A top UN envoy to Darfur in Sudan says renewed military clashes are slowing down progress in the resolution of the Darfur conflict.
The conflict started in 2003 when clashes erupted between non-Arab tribes and the Arab led government in Khartoum.
The non-Arab tribes accused the government of discrimination.
“The political process to resolve the conflict through dialogue remains fragmented and progress so far limited. Major armed movements and opposition parties continue to boycott the current national dialogue framework,” Herve Ladsous, Under-Secretary General of the department of peacekeeping operations said.
Mass killings have seized but the Khartoum government has been accused of stepping up attacks on rebel groups who live in harsh conditions.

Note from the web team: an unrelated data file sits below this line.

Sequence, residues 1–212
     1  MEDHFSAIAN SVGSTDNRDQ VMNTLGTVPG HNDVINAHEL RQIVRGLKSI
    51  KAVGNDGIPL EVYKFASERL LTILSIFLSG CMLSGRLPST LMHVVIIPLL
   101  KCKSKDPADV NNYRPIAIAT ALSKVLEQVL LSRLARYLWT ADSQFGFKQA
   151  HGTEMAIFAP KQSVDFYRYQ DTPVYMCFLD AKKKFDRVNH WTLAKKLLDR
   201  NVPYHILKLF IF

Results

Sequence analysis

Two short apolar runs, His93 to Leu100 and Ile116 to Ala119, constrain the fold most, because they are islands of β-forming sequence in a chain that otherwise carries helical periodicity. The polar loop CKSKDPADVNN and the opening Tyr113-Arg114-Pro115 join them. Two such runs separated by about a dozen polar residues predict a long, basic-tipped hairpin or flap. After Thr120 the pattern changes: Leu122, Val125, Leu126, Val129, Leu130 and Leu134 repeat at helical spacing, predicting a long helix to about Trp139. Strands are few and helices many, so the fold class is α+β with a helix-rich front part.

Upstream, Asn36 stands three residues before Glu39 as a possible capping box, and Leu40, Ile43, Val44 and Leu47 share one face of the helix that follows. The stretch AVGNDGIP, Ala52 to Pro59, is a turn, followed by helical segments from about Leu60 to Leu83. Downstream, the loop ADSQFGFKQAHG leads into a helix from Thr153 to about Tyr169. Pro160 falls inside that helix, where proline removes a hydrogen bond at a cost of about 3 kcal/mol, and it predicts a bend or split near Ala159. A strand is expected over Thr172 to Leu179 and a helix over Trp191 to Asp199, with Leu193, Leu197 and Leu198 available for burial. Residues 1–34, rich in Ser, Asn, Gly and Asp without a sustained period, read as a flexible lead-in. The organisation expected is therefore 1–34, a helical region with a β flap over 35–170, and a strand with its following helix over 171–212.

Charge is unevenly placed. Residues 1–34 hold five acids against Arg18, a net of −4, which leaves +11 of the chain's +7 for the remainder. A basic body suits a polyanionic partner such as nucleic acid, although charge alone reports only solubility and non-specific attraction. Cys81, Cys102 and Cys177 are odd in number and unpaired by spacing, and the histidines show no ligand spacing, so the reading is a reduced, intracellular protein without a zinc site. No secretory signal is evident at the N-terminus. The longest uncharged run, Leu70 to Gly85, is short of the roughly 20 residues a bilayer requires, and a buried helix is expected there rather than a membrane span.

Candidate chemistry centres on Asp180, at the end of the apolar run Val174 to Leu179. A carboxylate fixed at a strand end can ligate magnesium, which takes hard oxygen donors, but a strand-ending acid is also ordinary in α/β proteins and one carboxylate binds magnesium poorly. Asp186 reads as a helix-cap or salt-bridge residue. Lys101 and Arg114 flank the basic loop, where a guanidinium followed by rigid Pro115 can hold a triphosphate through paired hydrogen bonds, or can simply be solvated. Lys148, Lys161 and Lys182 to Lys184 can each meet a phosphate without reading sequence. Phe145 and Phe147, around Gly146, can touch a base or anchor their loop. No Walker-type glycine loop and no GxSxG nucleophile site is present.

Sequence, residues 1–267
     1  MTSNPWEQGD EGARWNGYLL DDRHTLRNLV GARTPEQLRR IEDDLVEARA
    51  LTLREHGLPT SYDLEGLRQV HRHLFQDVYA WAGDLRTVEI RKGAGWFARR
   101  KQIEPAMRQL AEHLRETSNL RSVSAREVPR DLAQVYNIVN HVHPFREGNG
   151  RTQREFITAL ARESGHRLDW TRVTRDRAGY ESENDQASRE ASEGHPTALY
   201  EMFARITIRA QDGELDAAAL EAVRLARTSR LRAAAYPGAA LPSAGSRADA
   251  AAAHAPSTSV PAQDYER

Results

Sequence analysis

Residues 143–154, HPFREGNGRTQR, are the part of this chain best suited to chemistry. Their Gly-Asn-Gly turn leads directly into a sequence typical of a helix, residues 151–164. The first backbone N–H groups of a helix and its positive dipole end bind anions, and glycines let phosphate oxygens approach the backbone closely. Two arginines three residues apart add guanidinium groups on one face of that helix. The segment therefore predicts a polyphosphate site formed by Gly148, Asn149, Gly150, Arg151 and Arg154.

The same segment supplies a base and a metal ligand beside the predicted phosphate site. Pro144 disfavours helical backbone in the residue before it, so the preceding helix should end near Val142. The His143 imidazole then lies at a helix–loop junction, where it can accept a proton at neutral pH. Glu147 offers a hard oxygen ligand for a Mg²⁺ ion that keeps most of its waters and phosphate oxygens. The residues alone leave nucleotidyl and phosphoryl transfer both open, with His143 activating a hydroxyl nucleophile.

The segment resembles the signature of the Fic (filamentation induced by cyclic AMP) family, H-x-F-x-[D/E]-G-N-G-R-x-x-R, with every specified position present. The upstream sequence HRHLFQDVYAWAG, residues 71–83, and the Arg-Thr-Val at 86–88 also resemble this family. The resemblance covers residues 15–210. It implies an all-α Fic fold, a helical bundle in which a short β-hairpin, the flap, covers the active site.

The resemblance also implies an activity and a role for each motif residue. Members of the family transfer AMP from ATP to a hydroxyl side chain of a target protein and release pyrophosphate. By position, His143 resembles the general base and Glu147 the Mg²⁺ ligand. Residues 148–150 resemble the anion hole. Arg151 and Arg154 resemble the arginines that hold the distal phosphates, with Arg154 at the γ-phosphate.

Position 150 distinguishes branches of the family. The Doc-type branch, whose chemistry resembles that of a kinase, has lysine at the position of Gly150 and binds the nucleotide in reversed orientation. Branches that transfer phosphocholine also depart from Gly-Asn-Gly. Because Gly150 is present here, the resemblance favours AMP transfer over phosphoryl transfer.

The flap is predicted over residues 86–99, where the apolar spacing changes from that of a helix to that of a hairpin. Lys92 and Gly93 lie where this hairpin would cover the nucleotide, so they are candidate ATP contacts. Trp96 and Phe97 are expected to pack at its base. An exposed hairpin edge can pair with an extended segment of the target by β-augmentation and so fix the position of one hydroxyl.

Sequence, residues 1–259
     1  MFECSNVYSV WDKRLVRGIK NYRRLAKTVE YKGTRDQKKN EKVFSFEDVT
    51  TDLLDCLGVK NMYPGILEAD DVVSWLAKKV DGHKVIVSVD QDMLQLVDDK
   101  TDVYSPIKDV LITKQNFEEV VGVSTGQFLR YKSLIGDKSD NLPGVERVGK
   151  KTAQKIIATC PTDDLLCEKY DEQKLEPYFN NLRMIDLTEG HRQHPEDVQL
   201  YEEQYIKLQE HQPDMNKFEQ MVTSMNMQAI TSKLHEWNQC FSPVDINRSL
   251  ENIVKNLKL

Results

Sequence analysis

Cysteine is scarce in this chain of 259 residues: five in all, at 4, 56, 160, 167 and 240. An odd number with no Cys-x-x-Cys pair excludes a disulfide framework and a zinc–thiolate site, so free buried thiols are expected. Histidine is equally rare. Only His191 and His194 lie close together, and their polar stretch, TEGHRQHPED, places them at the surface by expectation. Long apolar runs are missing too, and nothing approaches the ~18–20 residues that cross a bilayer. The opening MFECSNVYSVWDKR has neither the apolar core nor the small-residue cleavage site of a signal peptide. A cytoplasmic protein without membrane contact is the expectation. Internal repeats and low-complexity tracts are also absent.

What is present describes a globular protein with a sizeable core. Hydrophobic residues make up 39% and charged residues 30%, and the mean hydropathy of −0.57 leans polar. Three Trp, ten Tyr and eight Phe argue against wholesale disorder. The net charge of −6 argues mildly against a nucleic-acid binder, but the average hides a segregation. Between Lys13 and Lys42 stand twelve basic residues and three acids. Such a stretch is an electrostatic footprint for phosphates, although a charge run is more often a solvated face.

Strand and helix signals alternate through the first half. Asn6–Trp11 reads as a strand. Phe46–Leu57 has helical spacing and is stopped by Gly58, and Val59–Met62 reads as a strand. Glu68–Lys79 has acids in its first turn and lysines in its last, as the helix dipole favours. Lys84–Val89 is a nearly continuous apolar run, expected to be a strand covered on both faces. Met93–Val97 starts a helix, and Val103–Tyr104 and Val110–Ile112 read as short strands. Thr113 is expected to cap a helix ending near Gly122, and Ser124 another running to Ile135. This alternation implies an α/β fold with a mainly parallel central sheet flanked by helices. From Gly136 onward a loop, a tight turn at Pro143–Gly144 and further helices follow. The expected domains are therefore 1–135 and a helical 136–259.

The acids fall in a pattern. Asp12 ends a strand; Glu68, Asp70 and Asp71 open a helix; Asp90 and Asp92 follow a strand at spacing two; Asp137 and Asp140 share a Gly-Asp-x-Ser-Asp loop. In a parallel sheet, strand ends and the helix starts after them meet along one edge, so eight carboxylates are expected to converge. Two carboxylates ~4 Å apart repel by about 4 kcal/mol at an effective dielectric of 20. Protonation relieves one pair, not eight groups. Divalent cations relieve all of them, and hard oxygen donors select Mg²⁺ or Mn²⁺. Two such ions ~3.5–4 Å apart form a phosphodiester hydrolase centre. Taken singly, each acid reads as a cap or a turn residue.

The government has refused any links to a militia group known as Janjaweed which burned villages and killed civilians.
A joint African Union- UN peacekeeping mission has been in Sudan since 2007 to protect civilians.
The UN says more than 2.5 million have been displaced while 4 million others need humanitarian assistance in Darfur.
The body further affirms that about 300, 000 people have been killed in Darfur as a result of the crisis.